Synonyms and other taxonomic changes
Anticarsia gemmatalis Hübner, 1818
Phylogenetic sequence #931077.
Explanation of Names
gemma (Latin for a bud) + talus (Latin for the ankle, heel) (1)
The specific name may allude to the tuft of scales on the foreleg visible on this image:
Lafontaine & Schmidt (2010) listed Anticarsia gemmatalis
as the only member of the genus in America north of Mexico. (2)
Adult: Color highly variable. Wings heavily mottled or mostly unmarked with weak stripe and prominent spots. PM continues across HW, terminating at the apex of FW.
Larva: The larvae are extremely variable in coloration and markings throughout the instars. The larvae have a light, dorsal stripe bordered by dark stripes and a broad, white horizontal stripe on each side. They are usually a light green but can be brown or black. They grow to nearly 2 inches and have four pair of abdominal prolegs plus a pair of anal prolegs. They violently wiggle their abdominal prolegs when disturbed
Much of North America, but primarily southeastern U.S.
The caterpillar overwinters in the southern tip of Florida and moves north during the summer months. A. gemmatalis is an annual problem in the months of June through September in Florida, Georgia and Alabama. Infestations of velvetbean caterpillar are less severe in the western United States. - see Featured Creature link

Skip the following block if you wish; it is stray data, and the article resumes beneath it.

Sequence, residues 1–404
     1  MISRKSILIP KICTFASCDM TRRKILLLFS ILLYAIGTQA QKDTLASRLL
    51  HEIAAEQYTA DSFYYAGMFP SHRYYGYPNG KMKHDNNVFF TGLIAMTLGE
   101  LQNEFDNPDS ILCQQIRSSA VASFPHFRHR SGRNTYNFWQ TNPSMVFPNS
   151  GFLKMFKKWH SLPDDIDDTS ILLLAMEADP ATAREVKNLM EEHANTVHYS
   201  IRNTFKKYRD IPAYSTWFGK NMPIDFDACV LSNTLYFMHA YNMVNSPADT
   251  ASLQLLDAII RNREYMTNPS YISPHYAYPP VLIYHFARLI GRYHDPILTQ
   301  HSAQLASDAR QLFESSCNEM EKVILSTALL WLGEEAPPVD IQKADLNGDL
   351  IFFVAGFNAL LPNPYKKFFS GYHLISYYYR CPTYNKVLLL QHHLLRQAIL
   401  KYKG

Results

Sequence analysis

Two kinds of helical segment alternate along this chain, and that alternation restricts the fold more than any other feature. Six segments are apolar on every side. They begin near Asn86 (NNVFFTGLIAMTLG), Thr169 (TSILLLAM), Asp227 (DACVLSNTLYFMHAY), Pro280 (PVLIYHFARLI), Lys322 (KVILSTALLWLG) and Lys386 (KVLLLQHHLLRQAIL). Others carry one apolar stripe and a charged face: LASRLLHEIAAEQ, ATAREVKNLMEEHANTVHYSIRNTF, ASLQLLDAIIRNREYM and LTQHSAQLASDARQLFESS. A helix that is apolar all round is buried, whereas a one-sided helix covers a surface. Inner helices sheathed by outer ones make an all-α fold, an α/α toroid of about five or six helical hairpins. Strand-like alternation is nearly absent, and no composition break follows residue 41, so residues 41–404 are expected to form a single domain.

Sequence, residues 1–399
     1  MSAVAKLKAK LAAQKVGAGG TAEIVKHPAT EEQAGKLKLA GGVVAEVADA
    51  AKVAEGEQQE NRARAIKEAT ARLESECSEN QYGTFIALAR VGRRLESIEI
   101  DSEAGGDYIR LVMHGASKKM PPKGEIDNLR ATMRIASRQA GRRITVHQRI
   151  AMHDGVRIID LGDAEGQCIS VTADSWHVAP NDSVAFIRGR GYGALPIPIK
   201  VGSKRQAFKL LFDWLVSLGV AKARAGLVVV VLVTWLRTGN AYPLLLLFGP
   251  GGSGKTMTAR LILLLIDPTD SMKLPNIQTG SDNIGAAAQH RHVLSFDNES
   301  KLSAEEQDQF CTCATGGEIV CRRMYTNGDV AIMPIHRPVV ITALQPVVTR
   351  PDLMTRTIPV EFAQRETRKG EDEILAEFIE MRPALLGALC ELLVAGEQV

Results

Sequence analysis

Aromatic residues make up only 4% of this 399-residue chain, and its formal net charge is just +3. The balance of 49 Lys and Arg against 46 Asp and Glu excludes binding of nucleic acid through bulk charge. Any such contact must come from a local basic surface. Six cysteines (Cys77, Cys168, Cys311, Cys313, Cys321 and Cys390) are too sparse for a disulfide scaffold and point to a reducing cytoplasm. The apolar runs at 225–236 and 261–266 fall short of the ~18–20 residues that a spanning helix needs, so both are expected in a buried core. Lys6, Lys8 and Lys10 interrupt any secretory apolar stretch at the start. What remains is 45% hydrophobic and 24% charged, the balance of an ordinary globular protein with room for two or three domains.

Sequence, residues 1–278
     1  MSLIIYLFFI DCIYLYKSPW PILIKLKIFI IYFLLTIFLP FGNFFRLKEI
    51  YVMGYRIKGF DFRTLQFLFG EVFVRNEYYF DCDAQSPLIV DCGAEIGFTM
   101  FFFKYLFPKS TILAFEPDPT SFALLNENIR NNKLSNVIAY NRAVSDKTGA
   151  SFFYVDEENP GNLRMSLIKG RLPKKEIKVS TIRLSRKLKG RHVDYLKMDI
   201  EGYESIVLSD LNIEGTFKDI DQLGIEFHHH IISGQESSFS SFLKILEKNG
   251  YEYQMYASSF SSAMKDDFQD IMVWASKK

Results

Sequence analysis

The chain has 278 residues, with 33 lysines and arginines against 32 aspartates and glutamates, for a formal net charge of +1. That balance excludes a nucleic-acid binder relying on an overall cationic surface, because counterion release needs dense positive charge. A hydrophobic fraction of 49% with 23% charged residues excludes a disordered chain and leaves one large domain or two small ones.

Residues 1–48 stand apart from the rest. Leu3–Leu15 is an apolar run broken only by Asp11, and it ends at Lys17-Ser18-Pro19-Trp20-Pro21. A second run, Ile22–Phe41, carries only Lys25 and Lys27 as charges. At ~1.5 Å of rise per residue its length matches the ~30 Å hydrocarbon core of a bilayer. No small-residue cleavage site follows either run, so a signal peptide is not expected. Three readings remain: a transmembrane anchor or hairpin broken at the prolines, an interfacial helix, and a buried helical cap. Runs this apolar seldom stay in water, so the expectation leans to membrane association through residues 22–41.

Soybean (Glycine max) is the primary host of the velvetbean caterpillar but it will feed on many other species including peanut, kudzu, velvetbean, horse beans, cotton, cowpea, coffeeweed, black locust, hairy indigo, lespedeza, sesbania, and white sweetclover (Waters and Barfield 1989). Legumes are the preferred host plant of the velvetbean caterpillar. - see Featured Creature link.
Larvae feed on pea family plants (Fabaceae), including alfalfa, soybeans, velvetbeans.
The velvetbean caterpillar, Anticarsia gemmatalis (Hübner), is the most damaging foliage feeding pest of soybean in Florida and the southeastern states. Infestations of the caterpillar occur in the late summer months and can cause great damage to soybean and other legume crops if not managed. The caterpillar is able to strip fields of soybean foliage in five to seven days (Wilkerson et al. 1986). - see Featured Creature link
This migratory species regularly "invades" northward each fall, often in great numbers (3)
Covell, C., 1984. Peterson Field Guides: Eastern Moths
. Houghton Mifflin Company, p. 163, plate 39 #4 (4)
Powell, J.A. & P.A. Opler, 2009. Moths of Western North America
. University of California Press. pl. 44, figs. 23,24; p. 260.(5)
Waters, D.J., C.S. Barfield. 1989. Larval development and consumption by Anticarsia gemmatalis (Lepidoptera: Noctuidae) fed various legume species. Environmental Entomology 18: 1006-1010.
Wilkerson, G.G., J.W. Mishoe, J.L. Stimac. 1986. Modeling velvetbean caterpillar (Lepidoptera: Noctuidae) populations in soybean. Environmental Entomology 15: 809-816.
includes dark and green form larval images